Objects Library for constructing the list. (Anything in these examples
with the yy_ prefix is supplied code).

statements: (statement {if (incremental_parse) {
yy_psr_rslt() = yy_ast_all(); // build list
// of entire lhs
yy_psr_pause(); // (seen so far)
} }
                              { yy_psr_rslt() = yy_ast_all(); /* build list of entire lhs */}

So how does this code work? Well, first of all our lexer and parser
engines are not stand alone functions. They are class member functions
[in C++, in C we simulate the parts of C++ we need with macros and naming
conventions]. The actual lexer and parser objects are data structures
[instances of the appropriate class] which contain all of the state
information. When the member function yy_psr_pause() is called, it merely
sets the appropriate fields in the object which causes the lexer and
parser to return the next time they need input. Because the entire lexer
and parser state is in the objects (and not in local or static variables),
the lexer and parser pick up next time exactly where they left off.

The yy_psr_ref() and yy_psr_rslt() member functions manipulate the
semantic stack to provide the functionality of $d and $$. The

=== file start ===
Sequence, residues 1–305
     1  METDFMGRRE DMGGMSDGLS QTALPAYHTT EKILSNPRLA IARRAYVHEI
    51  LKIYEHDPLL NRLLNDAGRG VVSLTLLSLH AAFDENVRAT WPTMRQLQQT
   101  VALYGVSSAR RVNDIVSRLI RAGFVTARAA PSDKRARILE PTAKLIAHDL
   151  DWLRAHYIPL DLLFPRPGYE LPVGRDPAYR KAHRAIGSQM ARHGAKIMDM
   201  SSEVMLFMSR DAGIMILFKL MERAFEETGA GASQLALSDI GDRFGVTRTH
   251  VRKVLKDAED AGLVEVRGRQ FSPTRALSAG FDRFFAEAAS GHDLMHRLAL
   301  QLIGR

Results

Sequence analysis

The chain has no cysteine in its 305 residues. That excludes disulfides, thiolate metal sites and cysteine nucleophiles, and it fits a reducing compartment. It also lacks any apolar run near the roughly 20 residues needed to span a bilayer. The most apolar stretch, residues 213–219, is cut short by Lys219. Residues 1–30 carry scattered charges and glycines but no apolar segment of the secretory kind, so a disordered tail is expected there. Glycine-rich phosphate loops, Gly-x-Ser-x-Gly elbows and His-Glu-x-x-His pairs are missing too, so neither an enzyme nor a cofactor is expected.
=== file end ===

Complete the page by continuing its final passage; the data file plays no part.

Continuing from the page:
yy_ast_all() function takes all of the entries in the semantic stack for
the current production and builds a structure which represents them--if
yy_ast_all() is called while the production is only partially processed,
it will put only those entries seen so far in the structure. [Note, the
"list" yy_ast_all() builds is actually an array preceded by its length,
rather than a series of cons-cells.]

Another object-oriented feature of Yacc++ which may be relevant is the
"public" declaration. Public declarations list which fragments you wish
to recognize and our variant of yy_parse takes the fragment of the grammar
you wish to parse as one of its arguments. This would be an appropriate
method to use if you are building something like a syntax directed editor.

Now having explained the relevant features of Yacc++, let's consider what
can be done to help you out if you are committed to sticking with yacc.

(begin yacc suggestions)

One way is to move the appropriate variables into data structures and make
your own lexer and parser objects. I do not have enough experience
hacking on the lex and yacc engines to tell you how easy or hard that
would be. Some of the code (especially loops) in our engines had to be